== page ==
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Editors Note: YoungEntrepreneurs Ask the Expert column seeks to answer questions about everything from starting a business to growth strategies. To follow the column on Twitter -- and ask a question -- use hashtag #YEask, or leave a comment below. Your query may be the inspiration for a future column.
Q: I'm in the beginning stages of starting up a new tech business and want to make sure Im playing by the rules. What do I need to know about patents and copyrights?
-- James Bowerman
A: You should always talk to an attorney about specifics, but generally, I find that there are two schools of thought when it comes to patents. Ive worked with a few entrepreneurs that are very focused on upfront patent protection and analysis. But, most entrepreneurs I come across throw caution to the wind, build what they want to build and deal with the consequences afterwards.
Copyrights, on the other hand, are much more frequently enforced in the early startup stages. I would be highly conservative when thinking through how you reference other people's content. I have seen startups get cease and desist letters when referencing celebrity brands or at times using unauthorized photos for their startup.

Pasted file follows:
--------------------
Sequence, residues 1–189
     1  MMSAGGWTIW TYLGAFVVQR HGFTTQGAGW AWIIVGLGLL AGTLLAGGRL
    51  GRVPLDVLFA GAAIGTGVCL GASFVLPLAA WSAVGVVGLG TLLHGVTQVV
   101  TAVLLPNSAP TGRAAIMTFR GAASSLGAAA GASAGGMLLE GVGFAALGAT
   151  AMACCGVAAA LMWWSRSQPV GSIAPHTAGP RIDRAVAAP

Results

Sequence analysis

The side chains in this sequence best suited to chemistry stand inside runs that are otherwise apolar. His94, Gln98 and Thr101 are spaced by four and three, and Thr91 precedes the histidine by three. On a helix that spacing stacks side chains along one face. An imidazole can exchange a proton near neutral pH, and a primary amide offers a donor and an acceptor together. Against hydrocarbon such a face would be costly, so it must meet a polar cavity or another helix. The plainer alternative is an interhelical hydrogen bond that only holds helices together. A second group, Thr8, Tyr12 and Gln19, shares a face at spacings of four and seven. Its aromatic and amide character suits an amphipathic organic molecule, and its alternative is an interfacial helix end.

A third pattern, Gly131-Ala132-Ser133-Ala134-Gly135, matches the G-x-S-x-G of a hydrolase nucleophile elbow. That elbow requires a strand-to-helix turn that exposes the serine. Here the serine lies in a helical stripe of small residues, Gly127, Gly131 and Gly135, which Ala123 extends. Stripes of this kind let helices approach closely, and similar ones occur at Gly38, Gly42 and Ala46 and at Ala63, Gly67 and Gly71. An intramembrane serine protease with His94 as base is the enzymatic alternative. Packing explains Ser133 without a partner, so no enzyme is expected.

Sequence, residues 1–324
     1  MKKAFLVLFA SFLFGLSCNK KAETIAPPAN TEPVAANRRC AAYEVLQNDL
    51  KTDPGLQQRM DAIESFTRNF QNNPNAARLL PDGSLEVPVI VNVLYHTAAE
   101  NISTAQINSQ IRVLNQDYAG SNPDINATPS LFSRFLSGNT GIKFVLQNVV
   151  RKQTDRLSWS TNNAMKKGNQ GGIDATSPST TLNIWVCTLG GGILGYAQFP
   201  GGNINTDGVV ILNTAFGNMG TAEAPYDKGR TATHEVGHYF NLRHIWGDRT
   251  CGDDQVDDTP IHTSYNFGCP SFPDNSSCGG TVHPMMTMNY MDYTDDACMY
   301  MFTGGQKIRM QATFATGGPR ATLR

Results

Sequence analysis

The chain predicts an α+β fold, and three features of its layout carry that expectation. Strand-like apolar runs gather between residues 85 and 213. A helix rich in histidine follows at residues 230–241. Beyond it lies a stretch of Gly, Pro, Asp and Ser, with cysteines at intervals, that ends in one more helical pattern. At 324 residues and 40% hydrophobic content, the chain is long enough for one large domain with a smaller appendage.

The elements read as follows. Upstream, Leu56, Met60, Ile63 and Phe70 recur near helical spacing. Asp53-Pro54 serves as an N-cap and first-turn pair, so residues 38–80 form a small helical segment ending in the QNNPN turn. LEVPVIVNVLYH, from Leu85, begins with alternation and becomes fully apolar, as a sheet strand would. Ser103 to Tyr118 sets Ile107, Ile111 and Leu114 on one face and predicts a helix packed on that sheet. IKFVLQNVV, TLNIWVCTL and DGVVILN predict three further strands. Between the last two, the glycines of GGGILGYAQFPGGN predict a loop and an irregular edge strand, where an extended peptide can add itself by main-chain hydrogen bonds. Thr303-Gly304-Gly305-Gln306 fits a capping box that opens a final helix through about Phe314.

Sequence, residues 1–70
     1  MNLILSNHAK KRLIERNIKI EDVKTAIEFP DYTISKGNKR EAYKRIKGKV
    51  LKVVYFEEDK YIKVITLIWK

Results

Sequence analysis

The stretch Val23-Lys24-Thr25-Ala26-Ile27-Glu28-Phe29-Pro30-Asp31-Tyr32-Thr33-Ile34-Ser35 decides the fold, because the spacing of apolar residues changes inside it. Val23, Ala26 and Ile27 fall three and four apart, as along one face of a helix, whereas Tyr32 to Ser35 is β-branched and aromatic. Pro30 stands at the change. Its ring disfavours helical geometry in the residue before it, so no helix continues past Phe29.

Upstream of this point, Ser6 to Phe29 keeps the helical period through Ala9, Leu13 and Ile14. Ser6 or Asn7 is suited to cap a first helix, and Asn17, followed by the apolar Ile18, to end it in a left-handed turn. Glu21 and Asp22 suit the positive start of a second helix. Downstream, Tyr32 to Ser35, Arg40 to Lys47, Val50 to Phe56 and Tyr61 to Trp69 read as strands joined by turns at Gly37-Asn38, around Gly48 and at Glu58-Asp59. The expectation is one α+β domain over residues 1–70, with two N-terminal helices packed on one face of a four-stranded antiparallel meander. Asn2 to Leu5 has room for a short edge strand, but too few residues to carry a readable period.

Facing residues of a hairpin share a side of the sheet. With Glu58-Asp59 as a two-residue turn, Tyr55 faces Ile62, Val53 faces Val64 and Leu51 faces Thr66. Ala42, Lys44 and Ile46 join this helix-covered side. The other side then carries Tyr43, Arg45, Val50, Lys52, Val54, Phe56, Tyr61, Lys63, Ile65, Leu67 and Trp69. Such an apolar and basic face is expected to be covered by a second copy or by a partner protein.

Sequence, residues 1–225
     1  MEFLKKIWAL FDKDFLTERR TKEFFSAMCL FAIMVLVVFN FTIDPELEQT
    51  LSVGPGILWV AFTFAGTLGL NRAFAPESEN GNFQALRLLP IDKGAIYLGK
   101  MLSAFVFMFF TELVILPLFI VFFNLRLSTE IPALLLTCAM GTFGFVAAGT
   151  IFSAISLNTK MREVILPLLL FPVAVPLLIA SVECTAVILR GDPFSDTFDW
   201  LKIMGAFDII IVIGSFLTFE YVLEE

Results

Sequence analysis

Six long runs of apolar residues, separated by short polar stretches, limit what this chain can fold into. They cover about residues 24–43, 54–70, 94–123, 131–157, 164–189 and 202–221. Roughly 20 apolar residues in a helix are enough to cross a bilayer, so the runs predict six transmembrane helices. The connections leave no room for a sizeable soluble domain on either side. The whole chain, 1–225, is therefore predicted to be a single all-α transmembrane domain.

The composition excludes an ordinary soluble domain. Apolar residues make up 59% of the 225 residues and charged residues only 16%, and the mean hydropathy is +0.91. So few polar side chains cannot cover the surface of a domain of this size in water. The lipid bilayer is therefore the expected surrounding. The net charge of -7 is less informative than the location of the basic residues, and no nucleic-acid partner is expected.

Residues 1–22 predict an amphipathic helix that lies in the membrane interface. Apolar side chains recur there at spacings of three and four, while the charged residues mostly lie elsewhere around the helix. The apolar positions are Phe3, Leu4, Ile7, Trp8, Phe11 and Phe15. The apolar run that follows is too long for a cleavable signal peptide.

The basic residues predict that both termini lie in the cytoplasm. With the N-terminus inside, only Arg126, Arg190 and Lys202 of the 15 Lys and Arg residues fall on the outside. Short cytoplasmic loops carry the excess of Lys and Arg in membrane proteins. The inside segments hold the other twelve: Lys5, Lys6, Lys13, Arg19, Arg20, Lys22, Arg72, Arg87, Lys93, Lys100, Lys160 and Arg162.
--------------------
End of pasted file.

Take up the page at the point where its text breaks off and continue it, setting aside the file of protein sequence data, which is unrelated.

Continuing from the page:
Though, there is a history of entrepreneurs launching businesses in the digital space on top of other people's intellectual property, through community-sourced content. Although in the past, these startups bought enough time to get to scale then negotiate their deals, I think this time in history has passed. I caution against the "ask for forgiveness later" theory when it relates to content copyrights.
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The author is an Entrepreneur contributor. The opinions expressed are those of the writer.
Long-time entrepreneur and former CEO of Myspace, Mike Jones now serves as the CEO of Science, Inc., a Los Angeles-based technology studio that nurtures successful digital businesses by bringing together the best ideas, talent, resources and financing through a centralized platform. As a serial internet entrepreneur, Jones has founded, advised, invested in and sold numerous businesses, including application platform Userplane, which he led from startup to its acquisition by AOL, Tsavo Media, Movoxx, PeopleMedia, Brizzly and Myspace. He is actively involved with early-stage startups as an advisor, board member and investor. Among others, Jones has personally invested in more than 30 startup businesses including Klout, Betterworks, Formspring, ShoeDazzle and LunchMoney.